Is Consciousness Fundamental in the Universe. Which interpretation of Quantum Mechanics is most popular?
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By Deepak Chopra, MD and Henry Stapp, PhD
Pick at random any TV show about the universe, and the visuals will be dominated by a black void sprinkled with billions of galaxies. Such images give the impression of a vast emptiness foreign to human existence. Our bodies would perish within minutes of stepping into outer space; our minds struggle to grasp cosmic riddles that extend beyond the limits of time and space. But visual images are misleading, because they miss the most crucial element in the universe, an element that suddenly and unexpectedly humanizes it.
This crucial element is mind.
Over a century ago, the quantum revolution opened the way for cosmic mind. The founders of quantum mechanics needed to account for huge differences between their mathematical model of the universe, which is composed of fields of potentialities, and the universe as we perceive it, which is composed of solid objects and events that actually happen. To achieve a reconciliation the founders assumed that reality was composed of two parts, mind and matter, which interacted with each other according to some new laws that they specified. This departure from the prior (classical-physicalist) assumption that mind was a mere side-effect of brain activity was such a startling proposal that it basically split physics in two, with one camp (the physicalists) insisting that matter alone, plus an element of quantum chance, determines every physical property of the universe, and the other camp embracing mind as the key to certain otherwise unexplained mysteries. For several decades now the first, physicalist approach has been ascendant in the minds of many working physicists. But the advance of neuroscience, coupled with the difficulty of accounting in purely mechanical terms for complex behaviors of living organisms, has ignited renewed interest in the possibility that our minds may not be the useless and causally ineffectual appendages that the classical-physicalist dogma has proclaimed them to be.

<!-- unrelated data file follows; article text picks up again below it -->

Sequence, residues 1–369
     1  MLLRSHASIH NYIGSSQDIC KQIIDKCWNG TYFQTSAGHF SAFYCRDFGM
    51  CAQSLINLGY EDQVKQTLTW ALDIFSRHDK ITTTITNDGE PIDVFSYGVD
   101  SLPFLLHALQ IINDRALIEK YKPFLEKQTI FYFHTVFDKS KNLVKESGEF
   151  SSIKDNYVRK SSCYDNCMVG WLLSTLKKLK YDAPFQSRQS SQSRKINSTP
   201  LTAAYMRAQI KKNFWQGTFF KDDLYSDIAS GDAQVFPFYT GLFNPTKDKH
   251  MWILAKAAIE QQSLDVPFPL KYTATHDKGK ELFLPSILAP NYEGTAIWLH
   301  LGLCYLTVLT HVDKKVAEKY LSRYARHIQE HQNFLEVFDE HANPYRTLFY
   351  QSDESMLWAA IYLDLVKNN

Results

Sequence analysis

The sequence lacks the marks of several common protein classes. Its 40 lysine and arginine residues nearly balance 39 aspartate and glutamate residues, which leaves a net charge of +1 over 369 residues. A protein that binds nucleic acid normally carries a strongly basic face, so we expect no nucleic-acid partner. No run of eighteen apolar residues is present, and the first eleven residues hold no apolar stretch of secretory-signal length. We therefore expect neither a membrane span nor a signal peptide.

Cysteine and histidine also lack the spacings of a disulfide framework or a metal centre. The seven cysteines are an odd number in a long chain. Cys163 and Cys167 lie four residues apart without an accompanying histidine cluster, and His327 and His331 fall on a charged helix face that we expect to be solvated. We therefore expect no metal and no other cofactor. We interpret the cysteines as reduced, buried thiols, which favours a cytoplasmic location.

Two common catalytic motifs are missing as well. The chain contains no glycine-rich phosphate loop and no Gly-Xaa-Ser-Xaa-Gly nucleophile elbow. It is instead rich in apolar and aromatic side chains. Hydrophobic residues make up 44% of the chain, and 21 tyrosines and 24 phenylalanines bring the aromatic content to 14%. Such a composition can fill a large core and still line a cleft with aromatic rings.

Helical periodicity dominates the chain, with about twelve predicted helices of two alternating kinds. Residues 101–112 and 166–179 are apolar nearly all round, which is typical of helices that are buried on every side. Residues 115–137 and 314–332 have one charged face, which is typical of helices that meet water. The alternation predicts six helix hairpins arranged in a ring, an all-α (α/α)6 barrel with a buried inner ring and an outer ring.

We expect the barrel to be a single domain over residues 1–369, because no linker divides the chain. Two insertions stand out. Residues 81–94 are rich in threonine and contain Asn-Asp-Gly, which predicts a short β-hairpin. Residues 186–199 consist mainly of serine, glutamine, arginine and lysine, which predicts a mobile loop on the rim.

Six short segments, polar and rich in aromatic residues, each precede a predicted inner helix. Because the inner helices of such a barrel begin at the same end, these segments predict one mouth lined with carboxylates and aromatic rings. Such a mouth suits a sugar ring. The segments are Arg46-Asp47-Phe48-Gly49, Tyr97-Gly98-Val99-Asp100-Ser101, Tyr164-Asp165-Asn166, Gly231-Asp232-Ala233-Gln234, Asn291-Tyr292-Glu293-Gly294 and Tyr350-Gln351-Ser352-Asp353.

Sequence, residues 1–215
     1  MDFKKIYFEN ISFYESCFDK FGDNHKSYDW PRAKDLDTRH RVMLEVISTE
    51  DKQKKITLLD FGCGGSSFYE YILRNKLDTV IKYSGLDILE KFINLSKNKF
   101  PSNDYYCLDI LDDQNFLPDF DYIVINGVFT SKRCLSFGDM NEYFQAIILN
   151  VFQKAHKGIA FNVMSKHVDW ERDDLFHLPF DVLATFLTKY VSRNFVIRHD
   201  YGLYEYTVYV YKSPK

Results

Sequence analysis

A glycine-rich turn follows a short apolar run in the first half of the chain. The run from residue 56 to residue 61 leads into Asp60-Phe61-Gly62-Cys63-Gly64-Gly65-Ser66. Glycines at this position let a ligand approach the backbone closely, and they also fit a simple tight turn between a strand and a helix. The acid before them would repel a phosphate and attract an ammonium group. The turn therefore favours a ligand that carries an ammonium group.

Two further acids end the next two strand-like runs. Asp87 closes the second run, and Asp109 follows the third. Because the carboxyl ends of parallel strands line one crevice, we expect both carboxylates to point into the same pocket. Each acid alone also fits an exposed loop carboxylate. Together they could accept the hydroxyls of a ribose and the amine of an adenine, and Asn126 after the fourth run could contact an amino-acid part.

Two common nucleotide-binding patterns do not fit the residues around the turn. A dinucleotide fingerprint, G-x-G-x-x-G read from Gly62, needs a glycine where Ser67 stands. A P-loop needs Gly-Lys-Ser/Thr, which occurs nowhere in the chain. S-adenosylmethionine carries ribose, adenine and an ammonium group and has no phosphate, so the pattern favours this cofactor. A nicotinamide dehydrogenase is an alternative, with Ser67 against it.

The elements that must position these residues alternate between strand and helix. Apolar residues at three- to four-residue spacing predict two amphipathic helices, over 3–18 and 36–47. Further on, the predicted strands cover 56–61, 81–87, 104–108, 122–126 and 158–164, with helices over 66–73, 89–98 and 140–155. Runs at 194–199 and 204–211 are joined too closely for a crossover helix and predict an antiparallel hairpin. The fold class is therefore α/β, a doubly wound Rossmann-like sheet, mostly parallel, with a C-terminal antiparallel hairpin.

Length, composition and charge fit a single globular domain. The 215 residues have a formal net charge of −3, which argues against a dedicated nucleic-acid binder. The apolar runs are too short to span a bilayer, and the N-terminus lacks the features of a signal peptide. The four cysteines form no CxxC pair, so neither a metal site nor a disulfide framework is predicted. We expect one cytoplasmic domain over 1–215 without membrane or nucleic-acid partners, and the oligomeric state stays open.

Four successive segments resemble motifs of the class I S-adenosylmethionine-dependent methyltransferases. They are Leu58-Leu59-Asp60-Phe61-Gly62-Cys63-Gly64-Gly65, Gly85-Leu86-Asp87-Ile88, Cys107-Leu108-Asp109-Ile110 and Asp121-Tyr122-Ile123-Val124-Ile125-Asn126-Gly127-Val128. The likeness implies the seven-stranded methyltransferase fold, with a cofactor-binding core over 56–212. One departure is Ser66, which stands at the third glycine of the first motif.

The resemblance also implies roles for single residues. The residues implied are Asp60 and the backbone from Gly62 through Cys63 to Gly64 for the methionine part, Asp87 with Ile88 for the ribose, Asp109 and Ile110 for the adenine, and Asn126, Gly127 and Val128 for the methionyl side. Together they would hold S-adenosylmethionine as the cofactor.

In what way does the universe display mind-like behavior? Once you admit that this is a legitimate question, the answers are many. Too many, one might say, because there is no consensus about what mind is, and so speculation can run wild. Some thinkers point to the incredible fine-tuning of the various constants that must mesh in order for spacetime, matter, and energy to exist: how did this fine-tuning come about? Other thinkers point to the inability of randomness to account for the emergence of DNA and life on Earth. Still others cut the Gordian knot and declare that the human mind is enough to support the existence of cosmic mind–every person is the cosmic mind writ small (or it could be the other way around: universal mind is the human mind writ large). (more…)